BEIJING, Oct. 15 (Xinhua) -- China's macro-economic moves to balance foreign trade were paying off as the country's trade surplus growth had slowed by September, Chinese customs officials said on Monday.
China's trade surplus, standing at 185.65 billion U.S. dollars in the first nine months, slowed by 2.1 percentage points compared with the growth registered in the first eight months, according to the customs officials, without revealing the exact figure for the surplus growth in first nine months.
The latest figures released by the State Administration of Customs also showed China's trade volume totaled 1.57 trillion dollars for the first nine months, up 23.5 percent on last year, or a drop of 0.5 percentage points over that for the first eight months.
The September trade surplus also came lower at 23.9 billion dollars, down from 24.98 billion in August and a record 26.91 billion dollars in June.
The country exported 878.24 billion dollars of goods in the first nine months, representing a growth of 27.1 percent from a year earlier, or a slowdown of 0.6 percentage points over that for the first eight months.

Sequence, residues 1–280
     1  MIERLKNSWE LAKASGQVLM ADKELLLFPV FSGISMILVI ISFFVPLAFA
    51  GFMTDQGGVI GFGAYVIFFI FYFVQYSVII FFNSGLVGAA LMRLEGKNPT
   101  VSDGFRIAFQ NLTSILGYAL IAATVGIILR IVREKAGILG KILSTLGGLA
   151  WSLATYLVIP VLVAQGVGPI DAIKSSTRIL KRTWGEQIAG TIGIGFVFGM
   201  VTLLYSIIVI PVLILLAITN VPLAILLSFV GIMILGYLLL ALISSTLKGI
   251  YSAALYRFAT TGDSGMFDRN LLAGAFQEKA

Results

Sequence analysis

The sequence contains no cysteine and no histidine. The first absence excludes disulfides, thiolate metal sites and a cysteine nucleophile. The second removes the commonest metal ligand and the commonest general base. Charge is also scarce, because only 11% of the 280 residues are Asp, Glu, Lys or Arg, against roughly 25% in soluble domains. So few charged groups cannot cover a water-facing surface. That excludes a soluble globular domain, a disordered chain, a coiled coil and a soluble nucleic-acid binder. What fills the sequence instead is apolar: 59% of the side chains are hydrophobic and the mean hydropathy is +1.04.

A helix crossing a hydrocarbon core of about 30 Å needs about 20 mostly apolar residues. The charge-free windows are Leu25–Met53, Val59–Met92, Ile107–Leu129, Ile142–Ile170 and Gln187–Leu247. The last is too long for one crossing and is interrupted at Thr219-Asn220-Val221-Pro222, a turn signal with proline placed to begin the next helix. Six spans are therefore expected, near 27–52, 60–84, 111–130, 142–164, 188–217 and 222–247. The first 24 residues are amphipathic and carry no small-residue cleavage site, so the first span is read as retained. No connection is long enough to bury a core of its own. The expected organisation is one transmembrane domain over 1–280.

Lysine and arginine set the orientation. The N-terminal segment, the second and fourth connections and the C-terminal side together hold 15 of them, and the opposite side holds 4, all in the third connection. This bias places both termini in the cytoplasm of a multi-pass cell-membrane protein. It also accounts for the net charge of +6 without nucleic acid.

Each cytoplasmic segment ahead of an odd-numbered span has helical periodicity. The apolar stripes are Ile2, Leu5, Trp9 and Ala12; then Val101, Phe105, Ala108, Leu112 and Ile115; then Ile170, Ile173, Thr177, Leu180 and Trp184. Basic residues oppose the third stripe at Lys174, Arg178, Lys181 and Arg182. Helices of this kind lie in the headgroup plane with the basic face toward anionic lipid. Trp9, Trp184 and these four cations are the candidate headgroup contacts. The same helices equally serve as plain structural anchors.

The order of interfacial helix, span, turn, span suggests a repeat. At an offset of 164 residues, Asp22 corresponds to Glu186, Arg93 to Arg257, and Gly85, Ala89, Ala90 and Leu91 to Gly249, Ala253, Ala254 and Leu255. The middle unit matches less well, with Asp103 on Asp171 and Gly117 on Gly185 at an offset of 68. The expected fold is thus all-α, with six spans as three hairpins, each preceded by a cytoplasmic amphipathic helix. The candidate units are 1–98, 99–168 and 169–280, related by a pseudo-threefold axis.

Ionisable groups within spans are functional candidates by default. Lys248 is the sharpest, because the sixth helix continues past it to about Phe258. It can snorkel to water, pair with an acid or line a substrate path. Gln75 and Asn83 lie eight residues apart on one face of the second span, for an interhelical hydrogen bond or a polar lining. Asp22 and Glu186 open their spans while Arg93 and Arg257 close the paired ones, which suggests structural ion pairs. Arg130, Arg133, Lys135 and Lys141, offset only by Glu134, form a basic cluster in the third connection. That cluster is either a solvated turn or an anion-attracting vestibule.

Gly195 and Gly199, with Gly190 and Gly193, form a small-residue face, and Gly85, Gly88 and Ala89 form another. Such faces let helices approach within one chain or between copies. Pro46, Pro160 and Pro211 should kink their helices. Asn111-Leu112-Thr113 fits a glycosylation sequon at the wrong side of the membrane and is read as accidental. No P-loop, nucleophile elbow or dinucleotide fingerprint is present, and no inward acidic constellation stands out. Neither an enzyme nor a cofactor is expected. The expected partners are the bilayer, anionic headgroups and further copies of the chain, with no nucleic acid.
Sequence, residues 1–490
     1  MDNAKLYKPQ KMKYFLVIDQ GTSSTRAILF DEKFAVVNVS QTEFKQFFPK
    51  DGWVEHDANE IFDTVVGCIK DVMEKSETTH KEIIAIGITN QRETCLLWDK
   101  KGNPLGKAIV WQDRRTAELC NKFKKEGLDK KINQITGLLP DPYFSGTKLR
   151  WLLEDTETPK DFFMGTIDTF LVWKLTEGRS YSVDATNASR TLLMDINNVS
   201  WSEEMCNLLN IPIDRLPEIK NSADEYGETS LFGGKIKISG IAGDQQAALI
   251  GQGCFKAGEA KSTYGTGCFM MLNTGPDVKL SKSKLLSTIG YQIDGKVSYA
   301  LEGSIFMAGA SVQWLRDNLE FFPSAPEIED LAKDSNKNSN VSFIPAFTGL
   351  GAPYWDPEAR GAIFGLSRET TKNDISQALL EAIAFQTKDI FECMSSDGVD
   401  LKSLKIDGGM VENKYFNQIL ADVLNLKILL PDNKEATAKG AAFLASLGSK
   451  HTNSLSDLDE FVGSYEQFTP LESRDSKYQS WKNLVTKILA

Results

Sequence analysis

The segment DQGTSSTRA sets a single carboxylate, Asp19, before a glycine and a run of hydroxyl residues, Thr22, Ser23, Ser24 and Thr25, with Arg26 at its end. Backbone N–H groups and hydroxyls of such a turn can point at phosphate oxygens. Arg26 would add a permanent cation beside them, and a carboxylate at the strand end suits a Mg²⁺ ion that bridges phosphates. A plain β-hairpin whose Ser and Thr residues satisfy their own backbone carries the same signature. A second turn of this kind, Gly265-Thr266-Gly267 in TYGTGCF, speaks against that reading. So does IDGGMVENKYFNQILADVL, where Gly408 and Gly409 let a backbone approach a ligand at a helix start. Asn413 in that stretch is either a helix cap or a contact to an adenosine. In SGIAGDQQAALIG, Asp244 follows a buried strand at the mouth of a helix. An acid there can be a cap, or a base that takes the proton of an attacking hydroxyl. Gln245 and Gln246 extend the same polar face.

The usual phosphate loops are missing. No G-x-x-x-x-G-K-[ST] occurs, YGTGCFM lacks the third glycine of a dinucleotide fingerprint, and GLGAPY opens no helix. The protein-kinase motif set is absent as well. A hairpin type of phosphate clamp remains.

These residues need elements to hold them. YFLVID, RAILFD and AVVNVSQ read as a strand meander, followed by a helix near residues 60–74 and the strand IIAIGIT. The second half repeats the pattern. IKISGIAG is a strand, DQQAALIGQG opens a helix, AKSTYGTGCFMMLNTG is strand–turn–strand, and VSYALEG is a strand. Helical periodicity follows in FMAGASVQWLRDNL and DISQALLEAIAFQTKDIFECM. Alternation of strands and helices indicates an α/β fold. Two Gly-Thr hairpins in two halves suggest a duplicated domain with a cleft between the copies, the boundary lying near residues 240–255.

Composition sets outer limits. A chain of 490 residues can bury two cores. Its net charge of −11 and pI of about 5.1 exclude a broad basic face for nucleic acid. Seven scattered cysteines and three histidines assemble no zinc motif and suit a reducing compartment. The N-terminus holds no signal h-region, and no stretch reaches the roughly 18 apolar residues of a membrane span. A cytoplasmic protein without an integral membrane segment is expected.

China has imposed export tariffs, removed or cut tax rebates on exports and expanded the category of products of processed trade listed as "discouraged" since June, in a bid to lower the surplus.
However, the trade surplus figure in the first three quarters has already surpassed that for the whole of 2006, which soared 74.2 percent to a record 177.47 billion dollars.
China's surplus growth will slow down with the implementation of a series of tightening measures, but it would take time for the measures to yield results, Vice Commerce Minister Gao Hucheng previously said.
The latest figures from the Chinese customs also said China exported 497.2 billion dollars worth of machinery and electronic products during the first three quarters, up 28 percent year on year, while its imports totaled 360.51 billion dollars, up 16.1 percent.
The growth of exports and imports of machinery and electronic products was in line with that for the first eight months.
Machinery and electronic products continued to serve as the country's most important foreign trade products, accounting for 56.6 percent of total exports.
Meanwhile, latest figures showed the European Union remained China's largest trade partner with bilateral trade at 256.13 billion dollars by September, while the United Stated and Japan followed with bilateral trade volume at 221.36 billion dollars and 171.94 billion dollars respectively.
China's trade volumes with the ASEAN (Association of Southeast Asian Nations) and the Republic of Korea were all above 100 billion dollars in the first nine months.